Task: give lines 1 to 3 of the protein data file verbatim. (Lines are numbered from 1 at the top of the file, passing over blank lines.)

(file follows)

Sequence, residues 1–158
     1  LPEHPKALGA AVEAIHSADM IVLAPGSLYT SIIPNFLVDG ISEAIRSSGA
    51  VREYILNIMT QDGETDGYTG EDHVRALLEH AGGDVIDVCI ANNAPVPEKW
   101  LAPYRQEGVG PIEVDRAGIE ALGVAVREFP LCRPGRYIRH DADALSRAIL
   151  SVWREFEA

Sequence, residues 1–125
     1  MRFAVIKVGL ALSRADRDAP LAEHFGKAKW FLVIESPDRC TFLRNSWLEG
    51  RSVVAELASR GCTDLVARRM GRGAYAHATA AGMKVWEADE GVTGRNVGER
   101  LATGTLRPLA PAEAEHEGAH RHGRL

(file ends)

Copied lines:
Sequence, residues 1–158
     1  LPEHPKALGA AVEAIHSADM IVLAPGSLYT SIIPNFLVDG ISEAIRSSGA
    51  VREYILNIMT QDGETDGYTG EDHVRALLEH AGGDVIDVCI ANNAPVPEKW